Thursday, 31 May 2012

How to make your band sound clear, tight and not 'muddy'.

One of the most important things about playing in a band is understanding how your instrument fits in the mix.
As a sound engineer, one of the most common problems I hear in live bands is unclear vocals and either a muddy sound or a piercing sound that makes you want to put your fingers in your ears even when its not that loud..
This is actually a really easy problem to fix, but first you need to understand why it happens.
Take a look at this great chart...
Musical Frequency Chart

It shows all the instruments and what frequencies the instrument generates.
A band that sounds tight and 'phat' will make sure that the instruments have as little as possible overlap in terms of the frequencies they generate. This means that the bass guitar is not making the same frequencies as the rhythm guitar, and the lead guitarist isn't overpowering the vocalist.

That leads me onto the number 1 cause of unclear vocals....
If you look at the chart the first thing you notice is the electric guitars operate in almost exactly the same frequency range as vocals. This is both good and bad. Its bad if your guitars are too loud when your vocalist is singing because the guitar will make the words sound unclear.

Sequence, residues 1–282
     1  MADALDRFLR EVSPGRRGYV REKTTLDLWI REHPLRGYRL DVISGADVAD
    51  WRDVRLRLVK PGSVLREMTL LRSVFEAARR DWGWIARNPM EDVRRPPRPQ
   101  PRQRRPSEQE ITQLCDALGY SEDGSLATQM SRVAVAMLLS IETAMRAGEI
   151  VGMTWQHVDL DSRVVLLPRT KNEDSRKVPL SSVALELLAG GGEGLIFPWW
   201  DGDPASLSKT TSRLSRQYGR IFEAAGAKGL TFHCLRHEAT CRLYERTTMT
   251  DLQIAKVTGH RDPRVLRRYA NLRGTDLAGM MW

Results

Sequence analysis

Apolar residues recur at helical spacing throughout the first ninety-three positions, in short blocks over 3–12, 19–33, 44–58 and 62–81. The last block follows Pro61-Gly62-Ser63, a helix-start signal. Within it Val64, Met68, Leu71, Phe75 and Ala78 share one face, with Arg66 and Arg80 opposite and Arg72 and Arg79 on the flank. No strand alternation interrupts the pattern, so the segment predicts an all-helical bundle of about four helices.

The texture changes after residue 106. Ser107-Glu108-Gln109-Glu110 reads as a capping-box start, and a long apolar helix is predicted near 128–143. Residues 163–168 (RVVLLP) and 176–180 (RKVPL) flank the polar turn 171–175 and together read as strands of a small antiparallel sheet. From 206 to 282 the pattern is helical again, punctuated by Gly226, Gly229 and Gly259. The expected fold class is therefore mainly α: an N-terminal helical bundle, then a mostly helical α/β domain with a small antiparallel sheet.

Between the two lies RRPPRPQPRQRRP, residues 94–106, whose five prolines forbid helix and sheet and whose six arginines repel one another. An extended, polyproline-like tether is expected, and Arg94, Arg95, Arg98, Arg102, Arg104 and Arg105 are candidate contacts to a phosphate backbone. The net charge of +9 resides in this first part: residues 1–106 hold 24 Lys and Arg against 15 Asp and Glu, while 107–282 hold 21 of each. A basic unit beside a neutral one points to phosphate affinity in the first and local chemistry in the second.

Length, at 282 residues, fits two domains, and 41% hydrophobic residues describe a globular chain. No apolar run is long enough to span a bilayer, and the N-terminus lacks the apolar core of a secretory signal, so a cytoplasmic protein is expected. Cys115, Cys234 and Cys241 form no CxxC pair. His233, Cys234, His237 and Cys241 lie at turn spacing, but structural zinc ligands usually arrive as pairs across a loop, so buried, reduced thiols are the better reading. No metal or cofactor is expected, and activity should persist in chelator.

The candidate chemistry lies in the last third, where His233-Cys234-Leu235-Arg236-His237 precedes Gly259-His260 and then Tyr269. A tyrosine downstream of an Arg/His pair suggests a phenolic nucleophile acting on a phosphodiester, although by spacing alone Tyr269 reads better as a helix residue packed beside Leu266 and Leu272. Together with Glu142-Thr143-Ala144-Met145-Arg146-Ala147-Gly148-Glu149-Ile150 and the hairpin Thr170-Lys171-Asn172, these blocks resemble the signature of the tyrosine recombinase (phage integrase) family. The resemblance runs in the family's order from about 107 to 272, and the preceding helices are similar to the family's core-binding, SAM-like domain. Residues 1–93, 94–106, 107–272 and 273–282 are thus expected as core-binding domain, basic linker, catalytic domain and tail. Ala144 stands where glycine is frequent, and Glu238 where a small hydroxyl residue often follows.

However, its really good when the vocalist stops singing and its time to rip out a mammoth guitar solo because you can get away with turning the guitar WAY up, and I mean WAY up.

If you are playing lead guitar, make sure you always have a boost footswitch for your solos, and you really can get away with having quite a big difference between normal and solo volumes.
Think of it like this... when you are playing during the verses, keep your guitar level right down and just fill in the gaps around the vocalist, during this part you need to be complementing the vocals not competing with them.
Stick to one string stuff and play in a different register to the vocals. If the vocals are singing high, then play low notes and if the vocals are low play high notes.

Then when the vocals stop and its time to solo, think of the guitar as the vocalist during the solo. Make the guitar sing, play it loud and strong then pull way back again when the vocals kick in.

While we are on the subject of guitars, keep an eye on your bass and treble, make sure the bass notes on your guitar don't interfere with the highest bass guitar notes, and make sure your treble notes stay well clear of the range where humans are most sensitive (2k to 3k). A guitar is a mid range instrument, don't try and generate all the frequencies of the spectrum just because you can.

On to vocals, and its important to remember that humans can generate quite low frequencies even when singing higher notes. Percussive sounds like 'P' and 'T' words can also interfere with the bass guitar and make your whole band sound muddy. Turn down the bass control on the vocal channels to improve the clarity of the whole bands sound.
If your mixing desk has a High Pass Filter (button or a knob on more expensive desks), this is the greatest invention in this history of sound and you should use it. Turn on the high pass filter on every single channel except the bass guitar and kick drum and you will see an amazing improvement in clarity.